Opening of Parliament: What happens today and how some MPs will navigate swearing allegiance to the Queen

Māori Party co-leader Rawiri Waititi says he will not pledge allegiance to only the Queen when he is sworn into Parliament this afternoon.

Instead, he will include Ngā Rangatira o ngā Hapū o Aotearoa and Te Tiriti o Waitangi in his Oath of Allegiance, which will also acknowledge the sovereign and head of state.

It’s understood he will read his own oath in te reo as he moves through the seats in House to take the official parliamentary oath, like Hone Harawira did in 2011.

Waititi told Māori TV’s Oriini Kaipara on Tuesday he believed he’d found an “alternative” to his oath.

“I don’t want to swear allegiance to the Queen of England.

“It’s okay if Ngā Rangatira o ngā Hapū o Aotearoa and the Treaty of Waitangi are also added. I will agree with that because of the burden our ancestors carried … but it’s a bit of a problem if it’s the Queen alone.”

A number of the 40 new MPs have expressed discomfort with swearing allegiance to the Queen and expressed desire for there to be a third option available to swear on Te Tiriti.

New Green MP Elizabeth Kerekere will read the oath as it’s written in te reo but will hold a facsimile of the treaty which her ancestors signed in Tairāwhiti.

“I’ll be making it really clear to [my ancestors] and the universe that I’m here to get some work done and I’m doing it in their name,” she said.

Kerekere, who was named after her grandmother who was named after the Queen, said when the new MPs were practising the oath a number of them said it “didn’t sit easy”.

“It’s our individual decision to make to take the oath, but the fact remains this is what we have to do to get on with the work and I’m all about the work.”

Fellow new Green MP Ricardo Menéndez March said he was also uncomfortable with swearing allegiance to the Queen but would read the oath as it was written.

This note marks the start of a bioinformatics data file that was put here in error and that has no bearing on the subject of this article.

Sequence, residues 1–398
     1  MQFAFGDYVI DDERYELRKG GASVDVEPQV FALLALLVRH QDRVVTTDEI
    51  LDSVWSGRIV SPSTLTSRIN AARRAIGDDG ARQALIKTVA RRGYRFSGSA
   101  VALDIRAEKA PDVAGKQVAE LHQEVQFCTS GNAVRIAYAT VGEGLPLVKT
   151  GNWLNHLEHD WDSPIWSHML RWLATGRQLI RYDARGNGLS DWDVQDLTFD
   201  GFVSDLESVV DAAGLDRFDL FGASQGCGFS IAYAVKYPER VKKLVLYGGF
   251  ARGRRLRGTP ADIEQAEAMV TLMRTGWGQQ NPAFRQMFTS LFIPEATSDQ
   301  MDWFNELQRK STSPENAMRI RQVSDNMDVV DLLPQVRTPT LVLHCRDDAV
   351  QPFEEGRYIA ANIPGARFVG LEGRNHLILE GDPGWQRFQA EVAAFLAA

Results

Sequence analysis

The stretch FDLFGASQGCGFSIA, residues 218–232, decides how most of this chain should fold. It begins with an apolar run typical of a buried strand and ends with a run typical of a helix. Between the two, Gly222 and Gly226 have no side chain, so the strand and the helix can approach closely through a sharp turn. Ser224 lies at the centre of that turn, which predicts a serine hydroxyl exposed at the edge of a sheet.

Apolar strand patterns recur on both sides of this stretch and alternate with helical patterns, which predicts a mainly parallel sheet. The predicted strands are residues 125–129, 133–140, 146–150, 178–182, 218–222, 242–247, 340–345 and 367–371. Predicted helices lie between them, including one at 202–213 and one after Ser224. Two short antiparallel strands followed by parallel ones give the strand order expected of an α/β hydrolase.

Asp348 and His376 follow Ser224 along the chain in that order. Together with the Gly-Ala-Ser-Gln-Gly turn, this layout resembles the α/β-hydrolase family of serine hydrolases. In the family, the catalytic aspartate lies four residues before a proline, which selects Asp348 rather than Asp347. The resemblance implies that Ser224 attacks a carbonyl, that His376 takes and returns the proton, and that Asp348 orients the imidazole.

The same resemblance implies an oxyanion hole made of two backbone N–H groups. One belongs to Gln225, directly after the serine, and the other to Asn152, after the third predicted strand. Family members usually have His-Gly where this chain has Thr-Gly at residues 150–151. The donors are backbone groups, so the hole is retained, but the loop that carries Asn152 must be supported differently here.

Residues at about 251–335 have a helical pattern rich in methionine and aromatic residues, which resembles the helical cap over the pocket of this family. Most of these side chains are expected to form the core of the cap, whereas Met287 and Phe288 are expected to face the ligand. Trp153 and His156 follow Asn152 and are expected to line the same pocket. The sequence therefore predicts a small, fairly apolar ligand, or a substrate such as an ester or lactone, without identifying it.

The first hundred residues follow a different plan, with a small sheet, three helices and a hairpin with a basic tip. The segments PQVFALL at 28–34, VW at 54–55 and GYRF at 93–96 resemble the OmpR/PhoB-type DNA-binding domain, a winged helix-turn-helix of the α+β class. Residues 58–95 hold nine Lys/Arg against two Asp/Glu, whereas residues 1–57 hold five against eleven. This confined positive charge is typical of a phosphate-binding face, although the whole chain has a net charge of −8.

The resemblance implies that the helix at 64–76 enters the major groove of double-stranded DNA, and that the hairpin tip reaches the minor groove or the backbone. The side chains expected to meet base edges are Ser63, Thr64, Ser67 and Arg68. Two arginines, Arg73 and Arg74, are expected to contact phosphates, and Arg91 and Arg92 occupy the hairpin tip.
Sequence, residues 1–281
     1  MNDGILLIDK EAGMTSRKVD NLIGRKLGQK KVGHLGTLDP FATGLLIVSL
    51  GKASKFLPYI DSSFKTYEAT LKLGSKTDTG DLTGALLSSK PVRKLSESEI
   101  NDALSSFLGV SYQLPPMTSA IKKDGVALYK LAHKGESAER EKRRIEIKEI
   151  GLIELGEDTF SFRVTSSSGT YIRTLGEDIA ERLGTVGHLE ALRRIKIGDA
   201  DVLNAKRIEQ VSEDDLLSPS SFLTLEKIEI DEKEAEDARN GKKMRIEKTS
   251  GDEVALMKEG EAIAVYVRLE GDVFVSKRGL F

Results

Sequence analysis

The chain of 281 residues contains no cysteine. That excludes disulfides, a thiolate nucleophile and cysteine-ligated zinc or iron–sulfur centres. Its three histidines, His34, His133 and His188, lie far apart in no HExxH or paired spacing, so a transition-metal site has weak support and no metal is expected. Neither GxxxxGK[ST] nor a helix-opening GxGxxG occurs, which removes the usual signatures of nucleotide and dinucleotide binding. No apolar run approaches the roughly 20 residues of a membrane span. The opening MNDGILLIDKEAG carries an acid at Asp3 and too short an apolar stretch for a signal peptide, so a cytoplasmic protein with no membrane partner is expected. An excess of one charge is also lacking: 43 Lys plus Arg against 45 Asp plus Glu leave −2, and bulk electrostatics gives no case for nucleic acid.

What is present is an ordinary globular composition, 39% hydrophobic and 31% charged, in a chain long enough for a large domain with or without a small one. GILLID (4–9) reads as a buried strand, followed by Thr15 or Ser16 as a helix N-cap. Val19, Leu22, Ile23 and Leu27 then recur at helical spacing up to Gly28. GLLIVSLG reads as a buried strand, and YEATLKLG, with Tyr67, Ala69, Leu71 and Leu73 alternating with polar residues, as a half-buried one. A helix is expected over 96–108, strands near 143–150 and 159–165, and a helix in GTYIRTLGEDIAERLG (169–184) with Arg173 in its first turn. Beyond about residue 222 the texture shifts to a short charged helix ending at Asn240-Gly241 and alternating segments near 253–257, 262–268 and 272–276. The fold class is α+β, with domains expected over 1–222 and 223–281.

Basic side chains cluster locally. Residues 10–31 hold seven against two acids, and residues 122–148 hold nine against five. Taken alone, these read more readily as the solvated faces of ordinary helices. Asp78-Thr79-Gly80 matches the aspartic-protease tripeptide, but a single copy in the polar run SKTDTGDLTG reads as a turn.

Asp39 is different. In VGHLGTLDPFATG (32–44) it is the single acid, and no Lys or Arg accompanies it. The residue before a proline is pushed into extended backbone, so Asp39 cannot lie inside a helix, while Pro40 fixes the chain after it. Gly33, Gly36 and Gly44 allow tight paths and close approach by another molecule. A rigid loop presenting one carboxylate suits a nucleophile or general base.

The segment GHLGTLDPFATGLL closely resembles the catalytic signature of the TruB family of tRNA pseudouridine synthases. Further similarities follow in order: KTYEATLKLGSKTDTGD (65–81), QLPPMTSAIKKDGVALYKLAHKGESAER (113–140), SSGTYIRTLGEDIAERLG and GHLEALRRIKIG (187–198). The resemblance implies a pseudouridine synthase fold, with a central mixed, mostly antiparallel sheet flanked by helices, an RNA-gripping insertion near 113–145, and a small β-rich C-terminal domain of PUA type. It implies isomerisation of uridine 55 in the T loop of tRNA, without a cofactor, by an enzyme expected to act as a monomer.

After being elected, Menéndez March tweeted a meme about the affirmation to the Queen, which was met with abuse from monarchists who launched a petition to remove him from office.

Menéndez March, who is originally from Mexico, said he wasn’t a republican but said there needed to be a more nuanced conversation around constitutional transformation.

He said he found a lot of the feedback xenophobic from people who said he should move back to Mexico.

The text of the oath hasn’t changed since 1852, when Parliament first sat.

Former Māori Party co-leader Tariana Turia, when she first entered Parliament with Labour in 1999, also pushed to alter the oath or provide for an alternative which included the Treaty.

After the Te Tai Hauauru byelection in 2004, Turia was the first MP to give her oath only in te reo Māori after a law change allowed it.

Harawira was ejected from the chamber in 2011 during his swearing in after he won the Tai Tokerau byelection because he swore allegiance to the Treaty of Waitangi and the people of his electorate, before swearing allegiance to the Queen.

Later that year he swore his own oath as he moved through the seats, pledging to serve te whare (the House of Representatives), Te Tiriti, te iwi (the Māori people), and te pani me te rawakore (the poor and the dispossessed).

Phil Goff made moves to remove the Queen from the oath in 2004, when he was justice minister.

All MPs will be sworn in today with either the affirmation for the non-religious and the oath for those wanting to swear on a book of their choice, such as the bible or the Qur’an.

The oaths have to first be read in Te Reo or English but can then be sworn in any language.

The oath:

I, …, swear that I will be faithful and bear true allegiance to Her Majesty Queen Elizabeth the Second, her heirs and successors, according to law. So help me God.

In te reo Māori:

Ko ahau, ko……. e oati ana ka noho pumau taku pono ki a Kuini Irihapeti te Tuarua me tana kahui whakaheke, e ai ki te ture. Ko te Atua nei hoki taku pou.

The opening of the 53rd Parliament

The first meeting of the 53rd Parliament, the Commission Opening, will be held today at 11am when the Governor-General sends Commissioners to formally open Parliament.

All 120 members will then be sworn in with either the oath or the affirmation. Usually, it is read in small groups but because of Covid-19 this year it will happen either individually or in pairs.

The Clerk of the House presides over the swearing in of members then the election of the Speaker before a short ceremony at Government House to confirm the election of the Speaker.

Tomorrow the State Opening of Parliament will take place at 10.30am when the Governor-General goes to Parliament House to deliver the Speech from the Throne, indicating the Government’s plans for this term of Parliament.

The Clerk of the House then presides over the swearing in of members of Parliament and the election of the Speaker

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